TinyMCE Security Advisory

There has been a security advisory for TinyMCE which urges you to upgrade your TinyMCE WYSIWYG Editor, in case you are using it.

Serendipity offers a TinyMCE plugin so that you can use the TinyMCE editor. The users who have installed that plugin should remember, that they needed to manually download the TinyMCE package and upload it to their Serendipity plugin directory. This means that the Serendipity project does not bundle and/or have control over the actual TinyMCE editor files and you need to maintain this package manually, by uploading a new TinyMCE editor version.

This might sound a bit complicated, but we do not bundle the TinyMCE plugin because of it's large filebase and possible licensing issues. The good side-effect of this is that if you did not already manually take the route to install and use the TinyMCE plugin, you must not be afraid of any security harms to your Serendipity installation. Other (blog-)applications are now forced to issue a complete new release because of this. ;-)

Template chooser problems solved

A few of you have reported problems with the template chooser plugin in the past, where new selected templates would only show their true design after you've manually refreshed the page (F5 in most browsers).

The root of this problem was that browser cached the CSS stylesheet on their own, without making HTTP requests to check for changes. Since serendipity uses URL rewriting to achieve pretty URLs for stylesheets, this interfered with the one-time caching of stylesheets, even though their contents changed.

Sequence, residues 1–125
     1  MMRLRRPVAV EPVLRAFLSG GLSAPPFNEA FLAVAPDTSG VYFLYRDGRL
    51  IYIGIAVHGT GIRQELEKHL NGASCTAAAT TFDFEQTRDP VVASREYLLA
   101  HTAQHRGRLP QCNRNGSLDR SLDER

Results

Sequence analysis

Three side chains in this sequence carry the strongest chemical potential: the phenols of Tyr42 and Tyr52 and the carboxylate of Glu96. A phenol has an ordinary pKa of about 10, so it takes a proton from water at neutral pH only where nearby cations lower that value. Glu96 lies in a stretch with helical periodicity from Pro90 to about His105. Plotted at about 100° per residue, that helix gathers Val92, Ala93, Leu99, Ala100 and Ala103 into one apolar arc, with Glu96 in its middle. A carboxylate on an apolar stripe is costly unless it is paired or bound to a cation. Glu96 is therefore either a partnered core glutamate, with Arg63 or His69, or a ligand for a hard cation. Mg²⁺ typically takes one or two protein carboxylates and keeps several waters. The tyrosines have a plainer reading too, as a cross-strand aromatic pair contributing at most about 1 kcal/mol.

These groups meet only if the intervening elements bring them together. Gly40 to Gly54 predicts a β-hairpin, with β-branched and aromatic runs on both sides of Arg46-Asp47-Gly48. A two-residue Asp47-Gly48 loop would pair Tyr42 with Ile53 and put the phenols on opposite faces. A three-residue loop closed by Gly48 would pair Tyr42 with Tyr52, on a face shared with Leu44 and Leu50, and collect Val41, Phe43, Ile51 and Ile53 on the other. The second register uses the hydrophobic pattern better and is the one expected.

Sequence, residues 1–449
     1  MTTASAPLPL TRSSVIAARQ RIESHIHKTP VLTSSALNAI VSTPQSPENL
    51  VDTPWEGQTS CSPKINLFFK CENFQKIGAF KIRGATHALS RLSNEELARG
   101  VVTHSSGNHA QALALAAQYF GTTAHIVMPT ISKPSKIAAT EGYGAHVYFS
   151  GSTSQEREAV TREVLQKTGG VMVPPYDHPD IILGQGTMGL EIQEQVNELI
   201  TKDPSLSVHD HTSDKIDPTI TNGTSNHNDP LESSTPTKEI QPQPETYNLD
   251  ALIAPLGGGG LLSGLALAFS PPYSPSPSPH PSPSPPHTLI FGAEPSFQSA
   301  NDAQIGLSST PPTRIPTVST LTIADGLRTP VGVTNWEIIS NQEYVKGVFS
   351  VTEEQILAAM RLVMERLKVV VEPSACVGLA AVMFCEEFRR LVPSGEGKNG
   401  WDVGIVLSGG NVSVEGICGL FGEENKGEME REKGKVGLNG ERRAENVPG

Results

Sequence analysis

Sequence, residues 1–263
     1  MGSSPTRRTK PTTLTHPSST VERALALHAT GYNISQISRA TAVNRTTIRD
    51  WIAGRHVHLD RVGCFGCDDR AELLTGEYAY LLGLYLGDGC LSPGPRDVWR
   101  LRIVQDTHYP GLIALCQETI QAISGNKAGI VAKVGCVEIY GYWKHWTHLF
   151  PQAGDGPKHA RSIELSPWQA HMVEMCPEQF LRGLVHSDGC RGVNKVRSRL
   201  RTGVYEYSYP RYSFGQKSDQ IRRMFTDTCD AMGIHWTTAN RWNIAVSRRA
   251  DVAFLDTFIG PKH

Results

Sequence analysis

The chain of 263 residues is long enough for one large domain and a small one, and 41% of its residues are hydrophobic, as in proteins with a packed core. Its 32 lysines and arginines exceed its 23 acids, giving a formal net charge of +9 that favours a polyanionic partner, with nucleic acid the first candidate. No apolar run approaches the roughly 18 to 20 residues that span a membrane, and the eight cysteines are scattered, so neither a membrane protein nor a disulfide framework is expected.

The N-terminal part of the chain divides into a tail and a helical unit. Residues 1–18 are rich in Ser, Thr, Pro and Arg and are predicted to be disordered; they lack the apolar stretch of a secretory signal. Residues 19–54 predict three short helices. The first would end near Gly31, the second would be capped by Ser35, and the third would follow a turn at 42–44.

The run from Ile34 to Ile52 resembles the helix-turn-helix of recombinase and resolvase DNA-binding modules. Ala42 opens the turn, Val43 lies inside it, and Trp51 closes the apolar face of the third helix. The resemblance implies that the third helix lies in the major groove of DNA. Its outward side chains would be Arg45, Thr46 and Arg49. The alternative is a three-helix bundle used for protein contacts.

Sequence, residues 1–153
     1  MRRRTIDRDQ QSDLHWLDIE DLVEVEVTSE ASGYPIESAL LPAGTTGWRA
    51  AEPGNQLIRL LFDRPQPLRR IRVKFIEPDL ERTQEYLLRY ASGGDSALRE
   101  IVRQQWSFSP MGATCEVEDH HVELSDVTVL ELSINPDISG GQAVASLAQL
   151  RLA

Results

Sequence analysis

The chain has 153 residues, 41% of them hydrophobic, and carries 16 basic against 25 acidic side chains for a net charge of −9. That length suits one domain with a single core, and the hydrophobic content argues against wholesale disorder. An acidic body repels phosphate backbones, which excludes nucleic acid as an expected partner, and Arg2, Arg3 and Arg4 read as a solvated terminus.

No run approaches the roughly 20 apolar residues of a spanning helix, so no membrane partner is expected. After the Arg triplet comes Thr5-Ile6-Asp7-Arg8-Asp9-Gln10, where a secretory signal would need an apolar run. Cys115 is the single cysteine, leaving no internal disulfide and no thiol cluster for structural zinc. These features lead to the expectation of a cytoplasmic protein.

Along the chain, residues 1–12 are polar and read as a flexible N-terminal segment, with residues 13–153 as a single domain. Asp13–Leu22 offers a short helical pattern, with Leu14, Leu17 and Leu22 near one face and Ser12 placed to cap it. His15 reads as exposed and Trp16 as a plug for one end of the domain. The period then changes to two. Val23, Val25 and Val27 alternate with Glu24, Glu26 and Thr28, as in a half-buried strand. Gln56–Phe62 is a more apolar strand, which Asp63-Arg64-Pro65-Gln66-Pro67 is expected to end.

As a workaround, I've just committed a fix to our repository of the nightlies and an upcoming 0.9.2 maintenance release. This change makes the plugin always use a URL that contains the name of the stylesheet, and thus works around the caching issue by emitting individual stylesheets.

Theme requests wanted!

Since Carl has been so hard-working on template ports the past time, he now feels quite well (and comfortable) with Serendipity's cool templating and customization features.

He has asked in a forum posting if there are any theme requests from users, for any theme ports or special ideas. If you have a wish, please go to the forums and post there. I'm sure Carl will have an open ear for you all.

Many thanks to Carl for being so generous with sharing his creativity!

Serendipity in Space Stations

We got word from a fellow Serendipity user, who told us how happily he is using Serendipity:

I use Serendipity on a lot of my blogs, and I know it is simple to use and reliable as a result of the work you the rest of the project have put in.

I picked it up and used it for the GIOVE-A satellite launch, this is the first satellite of the new European satellite navigation system Galileo which is similar in principle to GPS. The launch was scheduled to take place on Boxing day, 26th December but may be delayed.

It is all exciting stuff, so I reckon there are lots of people like me who use Serendipity and think this would be pretty cool too. I'm using the remote RSS reader sidebar plugin to pull in an RSS feed of press releases, other self-confessed tech-heads may wish to do the same with the blog feed - this doesn't happen every week!